Back in 2007, in Delhi’s biting Winter, Mr. Yogendra Jha was drinking tea at a roadside stall when he witnessed an incident that would play an important role in changing his career path. On the opposite side of the road, a passenger got into a hand-pulled rickshaw. The rickshaw-wala pulled his rickshaw just a step and then collapsed to the ground! The startled passenger as well as passersby thought he had fainted; but it turns out that he had died! On examination, they realized it was probably because of the cold as he had no warm clothes on him, and his body had turned partially blue.
Unfortunately, this was not the first story about the plight of poor rickshaw pullers that he came across. During his tenure as Assistant Director at the Ministry of Labor in Delhi, he was involved in a study on ‘Social Security to Rickshaw Pullers.’ The study was being done to introduce a financial support scheme for the pullers. During this two and half year study, he interacted with many pullers and heard all kinds of stories. Poverty (i.e. lack of food and clothing) had led to the death of some, while others used to take drugs every night before going to sleep on the footpath. One day, he questioned a group of pullers about this act, and they told him, “Hamme macchar kaatte hain, usse neendh nahi atti, toh hum drugs lete hein aur neendh aajati hein.” (Our sleep is disturbed when mosquitoes bite us at night. With drugs, despite the bites, we get sound sleep.”) Flabbergasted by the reply, he resolved to make the scheme a reality and get the much-needed support granted for them. Unfortunately, due to the transfer of a team-member and the retirement of another, the scheme did not take off.
Days later, when he so-happened to meet that same bunch of pullers whom he had interviewed for his research, he had no answer for them. It was at this meeting though that one of the rickshaw pullers requested him to educate his children instead – as that is something Mr. Jha could himself easily do, without the help of the Government or anybody else. It was this simple request that triggered the initial idea behind what is CSSAR today.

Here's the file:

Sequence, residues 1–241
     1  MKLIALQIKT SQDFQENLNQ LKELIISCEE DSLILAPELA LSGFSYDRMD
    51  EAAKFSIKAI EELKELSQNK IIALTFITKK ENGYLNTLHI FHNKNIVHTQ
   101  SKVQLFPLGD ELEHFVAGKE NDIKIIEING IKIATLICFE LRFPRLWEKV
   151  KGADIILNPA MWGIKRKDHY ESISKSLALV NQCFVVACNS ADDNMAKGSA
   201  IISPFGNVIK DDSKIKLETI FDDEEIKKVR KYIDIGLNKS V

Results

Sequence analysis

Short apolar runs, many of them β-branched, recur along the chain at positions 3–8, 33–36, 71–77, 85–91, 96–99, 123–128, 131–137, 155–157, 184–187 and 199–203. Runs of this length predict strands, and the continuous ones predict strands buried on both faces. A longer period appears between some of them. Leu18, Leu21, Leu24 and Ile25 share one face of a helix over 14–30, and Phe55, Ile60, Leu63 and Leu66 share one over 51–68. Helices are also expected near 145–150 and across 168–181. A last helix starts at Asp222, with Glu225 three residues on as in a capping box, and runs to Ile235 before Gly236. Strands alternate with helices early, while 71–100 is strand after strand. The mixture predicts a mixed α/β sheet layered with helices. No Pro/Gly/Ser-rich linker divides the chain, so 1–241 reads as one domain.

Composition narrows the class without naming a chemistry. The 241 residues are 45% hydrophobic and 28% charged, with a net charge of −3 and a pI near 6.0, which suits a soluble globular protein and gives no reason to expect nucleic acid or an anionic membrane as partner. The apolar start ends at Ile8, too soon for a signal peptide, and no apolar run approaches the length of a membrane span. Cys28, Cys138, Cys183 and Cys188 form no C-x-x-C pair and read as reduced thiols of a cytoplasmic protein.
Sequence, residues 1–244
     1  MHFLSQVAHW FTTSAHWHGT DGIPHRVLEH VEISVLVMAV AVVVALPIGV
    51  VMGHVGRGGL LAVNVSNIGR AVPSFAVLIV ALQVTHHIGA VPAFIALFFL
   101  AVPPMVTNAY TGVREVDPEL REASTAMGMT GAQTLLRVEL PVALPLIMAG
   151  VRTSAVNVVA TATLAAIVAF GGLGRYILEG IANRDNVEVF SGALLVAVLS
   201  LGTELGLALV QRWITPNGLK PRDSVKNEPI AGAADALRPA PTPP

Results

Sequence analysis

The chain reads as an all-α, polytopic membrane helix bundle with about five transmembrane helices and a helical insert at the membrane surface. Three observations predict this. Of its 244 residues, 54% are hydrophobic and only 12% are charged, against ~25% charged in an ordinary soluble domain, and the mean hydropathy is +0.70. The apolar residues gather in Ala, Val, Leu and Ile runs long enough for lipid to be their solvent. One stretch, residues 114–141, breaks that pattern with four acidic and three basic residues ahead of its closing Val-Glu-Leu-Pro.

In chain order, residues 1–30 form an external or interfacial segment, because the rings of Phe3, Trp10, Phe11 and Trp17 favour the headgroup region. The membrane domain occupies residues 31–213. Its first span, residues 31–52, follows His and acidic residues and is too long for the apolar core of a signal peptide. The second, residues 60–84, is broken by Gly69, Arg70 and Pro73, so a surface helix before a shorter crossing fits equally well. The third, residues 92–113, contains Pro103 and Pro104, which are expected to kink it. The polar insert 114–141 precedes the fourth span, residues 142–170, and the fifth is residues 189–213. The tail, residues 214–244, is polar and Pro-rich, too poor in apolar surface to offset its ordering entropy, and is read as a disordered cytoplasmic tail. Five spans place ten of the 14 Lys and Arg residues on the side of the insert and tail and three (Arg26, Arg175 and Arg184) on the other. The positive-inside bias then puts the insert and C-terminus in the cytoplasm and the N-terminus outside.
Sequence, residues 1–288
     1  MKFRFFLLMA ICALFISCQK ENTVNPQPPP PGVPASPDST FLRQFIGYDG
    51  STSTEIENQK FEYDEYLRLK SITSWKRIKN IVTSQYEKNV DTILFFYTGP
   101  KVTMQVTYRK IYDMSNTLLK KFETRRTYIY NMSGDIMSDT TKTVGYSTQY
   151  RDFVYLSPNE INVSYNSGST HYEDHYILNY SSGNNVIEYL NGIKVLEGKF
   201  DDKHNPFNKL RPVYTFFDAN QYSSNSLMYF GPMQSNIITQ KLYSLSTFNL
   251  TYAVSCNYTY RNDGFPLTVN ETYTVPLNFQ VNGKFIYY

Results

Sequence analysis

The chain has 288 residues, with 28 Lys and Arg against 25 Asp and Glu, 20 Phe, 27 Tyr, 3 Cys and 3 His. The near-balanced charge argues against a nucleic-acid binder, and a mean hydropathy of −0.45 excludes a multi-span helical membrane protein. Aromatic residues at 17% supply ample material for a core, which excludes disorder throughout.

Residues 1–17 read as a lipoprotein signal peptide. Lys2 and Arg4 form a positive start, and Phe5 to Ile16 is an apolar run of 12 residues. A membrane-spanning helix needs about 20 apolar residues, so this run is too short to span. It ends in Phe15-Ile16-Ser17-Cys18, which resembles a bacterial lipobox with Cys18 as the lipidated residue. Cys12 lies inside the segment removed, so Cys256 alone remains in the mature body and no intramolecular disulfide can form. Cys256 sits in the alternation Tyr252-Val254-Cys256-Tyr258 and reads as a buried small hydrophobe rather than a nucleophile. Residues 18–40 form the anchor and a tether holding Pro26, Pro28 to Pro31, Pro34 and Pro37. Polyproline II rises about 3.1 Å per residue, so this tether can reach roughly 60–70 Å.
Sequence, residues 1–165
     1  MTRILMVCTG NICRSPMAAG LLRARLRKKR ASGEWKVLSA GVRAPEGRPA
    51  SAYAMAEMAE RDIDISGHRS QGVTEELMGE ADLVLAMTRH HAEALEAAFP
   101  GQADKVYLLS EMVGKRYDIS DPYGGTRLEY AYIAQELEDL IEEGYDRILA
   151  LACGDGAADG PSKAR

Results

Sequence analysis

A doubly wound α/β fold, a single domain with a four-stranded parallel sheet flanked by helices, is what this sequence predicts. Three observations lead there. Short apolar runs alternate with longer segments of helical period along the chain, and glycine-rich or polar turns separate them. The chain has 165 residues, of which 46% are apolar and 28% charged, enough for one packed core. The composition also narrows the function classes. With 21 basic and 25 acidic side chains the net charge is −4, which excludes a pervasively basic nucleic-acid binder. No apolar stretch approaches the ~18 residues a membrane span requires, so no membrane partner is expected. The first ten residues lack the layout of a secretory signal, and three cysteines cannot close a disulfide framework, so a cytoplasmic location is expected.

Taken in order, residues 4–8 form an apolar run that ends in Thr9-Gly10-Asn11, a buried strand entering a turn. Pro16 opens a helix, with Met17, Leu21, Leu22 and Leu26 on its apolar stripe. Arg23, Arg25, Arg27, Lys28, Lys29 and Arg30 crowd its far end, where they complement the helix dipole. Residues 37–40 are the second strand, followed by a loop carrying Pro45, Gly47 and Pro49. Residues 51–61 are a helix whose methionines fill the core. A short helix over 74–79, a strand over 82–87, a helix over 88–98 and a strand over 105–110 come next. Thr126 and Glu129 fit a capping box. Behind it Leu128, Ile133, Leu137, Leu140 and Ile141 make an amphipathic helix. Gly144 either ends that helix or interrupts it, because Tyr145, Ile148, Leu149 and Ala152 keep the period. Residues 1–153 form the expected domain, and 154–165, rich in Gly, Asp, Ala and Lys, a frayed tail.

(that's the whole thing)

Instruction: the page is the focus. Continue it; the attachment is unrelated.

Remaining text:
However, it started off much smaller. As a first step, Mr. Jha took a break from his work as Assistant Director and started teaching a handful of slum children. He taught at public places, like temples and parks, and sometimes even at the corner of footpaths. But this good deed came with its own set of challenges. The slum dwellers were wary of him and reluctant to send their children to his pop-up school because many like him had come to educate their children in the past, but they had all suddenly left. It was only when he earned their trust through his dedication, did he attract more parents to avail of his help.
With growing numbers of children, came thoughts of formalizing his efforts. Through a survey, he narrowed down the slums he would focus on. These were NangliJali, New Shyam Nagar, TC Camp Raghuvir Nagar and Bhajghera Village – the four lowest in terms of economic development of the people, as per the survey. And it was at New Shyam Nagar that the first center was set up.
CSSAR’s methodology and approach (i.e. improving children’s understanding of what is already being taught at school) was developed over the years .Interacting with more and more children at the centers made him and his team realize that the children had no proper understanding of topics being taught at school. A fifth standard student could not fluently read nor comprehend from a second standard textbook. Even written skills were poor!It is for this reason that instead of dividing students as per age, CSSAR assesses a child’s levels and accordingly enrolls them into the right class.
Currently, 463 students are being taught at its 10 centers across the city. As the organization’s efforts and reach are expanding, so are the challenges. One being finding good teachers who are willing to travel everyday into slums to teach. Another being a lack of funds to expand activities. All this and more keeps him busy; as he told me in jest, “I work 48 hours a day.” At the end of the day, it’s the children and improvements in their attendance and performance that keeps him going!